Six Tools for Building a Child’s Confidence

“As you become more clear about who you really are, you’ll be better able to decide what is best for you – the first time around.” – Oprah Winfrey

One of my close friends recently asked me what I hope my children will take with them into adulthood, and it sort of stumped me. I think about things like this all the time, but the hard part was consolidating it into an elevator pitch. After a big pause when I thought about experimentation, creativity, and exploration I said, “I want my children to be confident.Confident in their ideas, confident in who they are, and confident that they can make things happen.”

Having confident children is a big idea to unpack, and getting there is full of multiple moments and lots of moving parts. As a parent, you don’t always know if you’re on the right path, but there are some touchstones that can help guide the way. Since my oldest child is only 3, I can only see so far into her future, but we seem to be headed in a good direction.

6 Tools for Building a Child’s Confidence

Tool #1: Experimentation
We create  opportunities to try new things. I set up science experiments like this one with dry ice, I encourage her to follow her curiosities (what will happen if I drop rainbow sprinkles in my milk?), and yesterday she wanted to mix sugar into her water to see what it tasted like. If it’s safe, why not?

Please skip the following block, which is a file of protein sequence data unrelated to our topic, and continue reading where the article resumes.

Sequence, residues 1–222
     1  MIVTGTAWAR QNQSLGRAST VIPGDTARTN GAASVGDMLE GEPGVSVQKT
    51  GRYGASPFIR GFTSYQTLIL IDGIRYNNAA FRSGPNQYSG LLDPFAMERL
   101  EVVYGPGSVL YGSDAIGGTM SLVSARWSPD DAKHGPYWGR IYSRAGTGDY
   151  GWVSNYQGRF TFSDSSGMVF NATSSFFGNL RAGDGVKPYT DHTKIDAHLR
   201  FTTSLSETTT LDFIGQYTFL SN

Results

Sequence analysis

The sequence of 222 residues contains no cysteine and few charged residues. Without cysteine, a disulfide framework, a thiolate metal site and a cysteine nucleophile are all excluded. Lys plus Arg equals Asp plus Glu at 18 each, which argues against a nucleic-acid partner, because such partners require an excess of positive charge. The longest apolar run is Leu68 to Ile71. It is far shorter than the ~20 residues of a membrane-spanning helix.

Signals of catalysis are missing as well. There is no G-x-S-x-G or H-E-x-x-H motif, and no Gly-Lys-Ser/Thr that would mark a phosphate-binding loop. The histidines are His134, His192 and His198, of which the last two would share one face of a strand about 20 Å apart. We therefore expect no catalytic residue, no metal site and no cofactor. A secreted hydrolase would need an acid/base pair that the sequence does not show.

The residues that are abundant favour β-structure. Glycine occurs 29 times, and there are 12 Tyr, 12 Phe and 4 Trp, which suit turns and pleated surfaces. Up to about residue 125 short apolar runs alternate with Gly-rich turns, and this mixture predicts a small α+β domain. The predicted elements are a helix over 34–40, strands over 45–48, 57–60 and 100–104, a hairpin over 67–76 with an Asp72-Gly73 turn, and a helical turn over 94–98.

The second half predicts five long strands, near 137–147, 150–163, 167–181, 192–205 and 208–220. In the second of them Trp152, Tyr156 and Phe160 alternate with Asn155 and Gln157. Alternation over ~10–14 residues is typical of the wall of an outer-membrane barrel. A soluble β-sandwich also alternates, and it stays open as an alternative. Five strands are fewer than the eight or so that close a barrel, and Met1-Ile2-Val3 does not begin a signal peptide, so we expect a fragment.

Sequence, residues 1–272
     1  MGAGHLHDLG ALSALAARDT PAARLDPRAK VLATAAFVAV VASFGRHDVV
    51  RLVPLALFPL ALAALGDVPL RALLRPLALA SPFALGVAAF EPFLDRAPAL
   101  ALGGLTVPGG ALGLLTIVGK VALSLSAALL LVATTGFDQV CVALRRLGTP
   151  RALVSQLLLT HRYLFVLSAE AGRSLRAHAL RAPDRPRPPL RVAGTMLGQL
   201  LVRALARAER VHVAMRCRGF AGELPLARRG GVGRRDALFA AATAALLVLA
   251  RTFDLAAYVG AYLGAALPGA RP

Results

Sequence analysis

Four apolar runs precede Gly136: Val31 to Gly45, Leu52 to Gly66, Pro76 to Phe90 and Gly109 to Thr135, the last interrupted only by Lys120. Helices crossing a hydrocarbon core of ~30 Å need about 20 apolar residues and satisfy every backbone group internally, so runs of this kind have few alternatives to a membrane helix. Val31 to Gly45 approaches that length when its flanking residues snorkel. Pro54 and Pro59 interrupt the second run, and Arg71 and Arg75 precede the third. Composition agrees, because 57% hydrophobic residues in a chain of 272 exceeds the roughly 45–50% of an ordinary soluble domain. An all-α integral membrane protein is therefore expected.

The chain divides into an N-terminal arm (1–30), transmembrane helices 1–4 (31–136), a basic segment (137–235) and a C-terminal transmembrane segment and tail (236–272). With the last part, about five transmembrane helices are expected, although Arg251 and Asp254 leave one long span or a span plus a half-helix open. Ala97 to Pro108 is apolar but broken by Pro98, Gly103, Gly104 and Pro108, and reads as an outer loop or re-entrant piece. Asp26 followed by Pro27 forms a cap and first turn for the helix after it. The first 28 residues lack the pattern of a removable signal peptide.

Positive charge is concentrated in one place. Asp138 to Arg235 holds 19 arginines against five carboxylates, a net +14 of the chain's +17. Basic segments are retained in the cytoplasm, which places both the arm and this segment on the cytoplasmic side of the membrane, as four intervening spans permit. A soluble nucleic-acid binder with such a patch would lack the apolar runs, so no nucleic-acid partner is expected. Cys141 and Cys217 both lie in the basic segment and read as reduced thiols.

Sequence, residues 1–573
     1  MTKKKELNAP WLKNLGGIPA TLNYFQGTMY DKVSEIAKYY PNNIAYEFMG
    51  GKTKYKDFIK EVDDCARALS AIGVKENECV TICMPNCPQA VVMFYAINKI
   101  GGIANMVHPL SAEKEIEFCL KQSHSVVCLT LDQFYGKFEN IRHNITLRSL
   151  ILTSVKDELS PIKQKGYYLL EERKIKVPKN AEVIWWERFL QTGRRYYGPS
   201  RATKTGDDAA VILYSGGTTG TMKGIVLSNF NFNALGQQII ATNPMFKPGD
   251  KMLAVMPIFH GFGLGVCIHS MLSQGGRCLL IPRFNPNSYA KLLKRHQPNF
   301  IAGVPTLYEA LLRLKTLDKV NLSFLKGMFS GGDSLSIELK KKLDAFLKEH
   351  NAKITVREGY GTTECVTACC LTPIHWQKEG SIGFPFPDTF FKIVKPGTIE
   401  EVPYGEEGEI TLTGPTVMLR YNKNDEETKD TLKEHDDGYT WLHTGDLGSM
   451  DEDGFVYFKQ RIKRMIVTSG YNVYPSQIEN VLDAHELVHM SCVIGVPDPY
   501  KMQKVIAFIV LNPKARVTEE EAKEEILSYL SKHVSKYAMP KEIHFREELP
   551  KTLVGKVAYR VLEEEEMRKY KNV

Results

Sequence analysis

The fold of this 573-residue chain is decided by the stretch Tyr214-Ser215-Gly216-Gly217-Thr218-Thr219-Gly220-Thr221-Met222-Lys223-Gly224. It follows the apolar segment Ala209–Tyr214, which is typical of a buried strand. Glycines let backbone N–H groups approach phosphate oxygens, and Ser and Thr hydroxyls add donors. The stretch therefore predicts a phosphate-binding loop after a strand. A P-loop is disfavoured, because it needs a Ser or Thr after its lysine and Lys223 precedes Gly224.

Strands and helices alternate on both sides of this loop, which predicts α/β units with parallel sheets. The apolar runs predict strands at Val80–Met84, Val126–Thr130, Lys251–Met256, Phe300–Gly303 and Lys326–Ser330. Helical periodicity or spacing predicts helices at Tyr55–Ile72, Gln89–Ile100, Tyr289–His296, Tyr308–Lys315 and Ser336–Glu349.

Tool #2: Independence
We set up multiple areas of our home where our kids have free access to materials that build creativity. This is our self-serve mail center where she can find envelopes and stamps to mail cards on a whim. We also have a self-serve art cabinet and unlocked kitchen drawers where she has access to kid-friendly knives and cooking tools. The last thing I want to imagine is sending my child off into the world, but I know it’s something that I need to prepare her for.

Tool #3: Imagination

When I talk with my daughter I encourage her to consider all sorts of alternate realities. I’ll ask questions such as, “What do you suppose would happen if…?” or “If we could hop on an airplane this afternoon, where would you like to go?” When she draws I never make assumptions about what I see on her paper. What may look like a boat to me may be a kite to her. When I’m not sure, it’s best to comment on what I do know (I see you used red and blue crayons) or ask open-ended questions (can you tell me about your picture?).t

Tool #4: Exploration

Understanding materials and their properties takes time. This one is about digging deep and spending enough time at something that it becomes second nature. My one year old spends about 15 minutes at this chalkboard each week. 15 minutes isn’t a lot of time, but it becomes a long time when it happens week after week. I rotate the materials that I offer her, and give her time to explore them. One day it might be small chalk, another day it’s sidewalk chalk, and another day it’s water and long paintbrushes. In the long run she begins to understand how a chalkboard is different from a piece of paper or a white wall.